X 2

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#120 Chris.
January 07 2010, 09:34AM
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Holy. Relax people. I'm just trying to say peoples expectations for Eberle are becomming a little inflated.... and what happens.... these same people become mortally offended.

I said, "Ebele seems to play an awful lot on the perimeter". Isn't that the same as saying he has a knack for finding open ice? Watch replay, after replay of Eberle goals... He's wide open because he works himself into open ice (on the perimeter of the play)... This is not a shot at Eberle. It's an observation. BTW. The Oilers have lots of guys who play a similar game.

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#121 Reggie
January 07 2010, 09:58AM
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Chris. wrote:

Holy. Relax people. I'm just trying to say peoples expectations for Eberle are becomming a little inflated.... and what happens.... these same people become mortally offended.

I said, "Ebele seems to play an awful lot on the perimeter". Isn't that the same as saying he has a knack for finding open ice? Watch replay, after replay of Eberle goals... He's wide open because he works himself into open ice (on the perimeter of the play)... This is not a shot at Eberle. It's an observation. BTW. The Oilers have lots of guys who play a similar game.

My take on Eberle is he has a nose for the net you rarely see. He finds open spots similar to a Mike Bossy or Brett Hull.

Bossy made a career on his quick release.

Hull made a career with his big shot.

Now the trick with Eberle is ... is his shot an NHL shot, is his shot on par with Hull or Bossy.

Or do we have another Petr Sykora who's best seasons were 35, 34 and 29 goals on the Devils and Ducks. He had 81, 72 and 68 points posted on some real good Devils teams. And has accumulated over 934 NHL games, 302 goals, 375 assists for 677 points.

I would love to see Eberle be a Bossy or Hull, but realistically his high water mark might be good Sykora-type numbers at best.

Just my thoughts.

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#122 OB1 Team Yakopov - F.S.T.N.F
January 07 2010, 10:05AM
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Reggie wrote:

My take on Eberle is he has a nose for the net you rarely see. He finds open spots similar to a Mike Bossy or Brett Hull.

Bossy made a career on his quick release.

Hull made a career with his big shot.

Now the trick with Eberle is ... is his shot an NHL shot, is his shot on par with Hull or Bossy.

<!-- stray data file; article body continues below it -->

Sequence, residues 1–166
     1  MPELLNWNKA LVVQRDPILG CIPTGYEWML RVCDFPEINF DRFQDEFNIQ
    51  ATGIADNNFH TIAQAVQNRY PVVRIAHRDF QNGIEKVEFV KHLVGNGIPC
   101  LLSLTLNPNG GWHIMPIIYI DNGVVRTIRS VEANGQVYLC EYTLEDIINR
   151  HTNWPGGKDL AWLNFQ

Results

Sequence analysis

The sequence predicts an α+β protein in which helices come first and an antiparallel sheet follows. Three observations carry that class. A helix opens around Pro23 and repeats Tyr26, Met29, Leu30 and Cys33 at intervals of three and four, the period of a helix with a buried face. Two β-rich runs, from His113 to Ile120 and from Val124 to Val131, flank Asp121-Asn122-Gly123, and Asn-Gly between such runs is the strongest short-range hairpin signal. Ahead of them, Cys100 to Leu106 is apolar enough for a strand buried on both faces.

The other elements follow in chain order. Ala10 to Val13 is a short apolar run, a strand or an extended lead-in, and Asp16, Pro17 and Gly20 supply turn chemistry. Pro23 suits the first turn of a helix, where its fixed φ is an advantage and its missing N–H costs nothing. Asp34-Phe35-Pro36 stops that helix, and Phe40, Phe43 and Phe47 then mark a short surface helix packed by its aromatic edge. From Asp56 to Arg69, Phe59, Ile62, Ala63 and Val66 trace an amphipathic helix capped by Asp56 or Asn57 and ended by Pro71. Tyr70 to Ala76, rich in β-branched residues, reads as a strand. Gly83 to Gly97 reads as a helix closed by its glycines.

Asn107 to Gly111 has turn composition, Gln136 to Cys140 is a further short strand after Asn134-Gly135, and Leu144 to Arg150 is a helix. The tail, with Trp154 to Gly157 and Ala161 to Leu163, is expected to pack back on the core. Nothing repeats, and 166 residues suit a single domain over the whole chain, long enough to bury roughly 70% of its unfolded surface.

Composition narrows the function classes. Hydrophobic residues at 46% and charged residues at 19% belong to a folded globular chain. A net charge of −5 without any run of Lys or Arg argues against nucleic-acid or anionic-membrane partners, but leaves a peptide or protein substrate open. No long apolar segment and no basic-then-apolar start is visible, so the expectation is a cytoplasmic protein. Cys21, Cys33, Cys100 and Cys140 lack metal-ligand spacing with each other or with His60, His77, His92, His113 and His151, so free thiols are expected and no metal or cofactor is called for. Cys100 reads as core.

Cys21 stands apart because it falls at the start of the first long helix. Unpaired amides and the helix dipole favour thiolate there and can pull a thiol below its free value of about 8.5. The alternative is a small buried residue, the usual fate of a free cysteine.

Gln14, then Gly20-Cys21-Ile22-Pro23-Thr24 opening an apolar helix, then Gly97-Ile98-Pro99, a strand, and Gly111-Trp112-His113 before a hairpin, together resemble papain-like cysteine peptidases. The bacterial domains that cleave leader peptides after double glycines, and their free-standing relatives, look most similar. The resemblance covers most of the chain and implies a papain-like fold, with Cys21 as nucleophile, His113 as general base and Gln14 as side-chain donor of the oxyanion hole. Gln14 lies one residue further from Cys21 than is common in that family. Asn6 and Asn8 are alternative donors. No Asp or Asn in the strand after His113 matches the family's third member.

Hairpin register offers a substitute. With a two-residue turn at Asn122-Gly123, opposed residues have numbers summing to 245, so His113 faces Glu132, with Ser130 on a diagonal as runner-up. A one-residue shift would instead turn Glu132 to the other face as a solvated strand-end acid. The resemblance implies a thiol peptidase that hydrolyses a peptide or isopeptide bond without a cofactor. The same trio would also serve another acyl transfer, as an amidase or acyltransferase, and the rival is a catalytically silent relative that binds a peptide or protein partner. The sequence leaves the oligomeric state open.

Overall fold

Or do we have another Petr Sykora who's best seasons were 35, 34 and 29 goals on the Devils and Ducks. He had 81, 72 and 68 points posted on some real good Devils teams. And has accumulated over 934 NHL games, 302 goals, 375 assists for 677 points.

I would love to see Eberle be a Bossy or Hull, but realistically his high water mark might be good Sykora-type numbers at best.

Just my thoughts.

Hey-hey, I've been touting a Peter Sykora comparison for about a year now.

I'd be very happy with a Sykora type career out of Eberle.

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#123 Dan the Man
January 07 2010, 10:07AM
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Chris. wrote:

Holy. Relax people. I'm just trying to say peoples expectations for Eberle are becomming a little inflated.... and what happens.... these same people become mortally offended.

I said, "Ebele seems to play an awful lot on the perimeter". Isn't that the same as saying he has a knack for finding open ice? Watch replay, after replay of Eberle goals... He's wide open because he works himself into open ice (on the perimeter of the play)... This is not a shot at Eberle. It's an observation. BTW. The Oilers have lots of guys who play a similar game.

Perimeter players don't go in to the difficult areas (i.e. near the net) they play on the outside and are basically considered soft because of it.

In your original post weren't you listing Eberle's negatives?

I would say that the ability to find open ice is one of Eberle's best assets. He may not be able to find that same open ice in the NHL but he does a very nice job of it in Jr.

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#124 Reggie
January 07 2010, 10:11AM
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OB1 Team Yakopov - F.S.T.N.F wrote:

Hey-hey, I've been touting a Peter Sykora comparison for about a year now.

I'd be very happy with a Sykora type career out of Eberle.

So, given his size and speed, I think he reminds me of Sykora a lot.

The kid has a nose for the net that in my opinion is better than Sykora's. I also think Sykora is more of a fringe player, not always going to the tough places. Eberle I think works harder too.

Character, hockey smarts and an apparent knack for scoring big goals may push Eberle beyond Sykora's numbers. That would be golden !!

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#125 Chris.
January 07 2010, 10:36AM
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@Dan The Man. The Oilers have too many similar type forwards. The organization has been drafting, and trading for essentially the same player over and over again. As a result, calling a guy a "perimeter" player has taken on a negative connotation in Oil Country. Perimeter type players have their use on a balanced roster, and they are not necessarily lazy or uncompetative... they just often lack the physical tools to play an effective power game. Let's face it: Eberle is not crushing people down low. Eberle doesn't often battle in traffic for position in front of the net or in the slot... Rather, Eberle reads plays and anticipates where the puck will be going. He makes himself available. He uses his intellect to break down coverage. He makes quick decisions and moves the puck well. (Much like many Oiler forwards did in their Jr careers)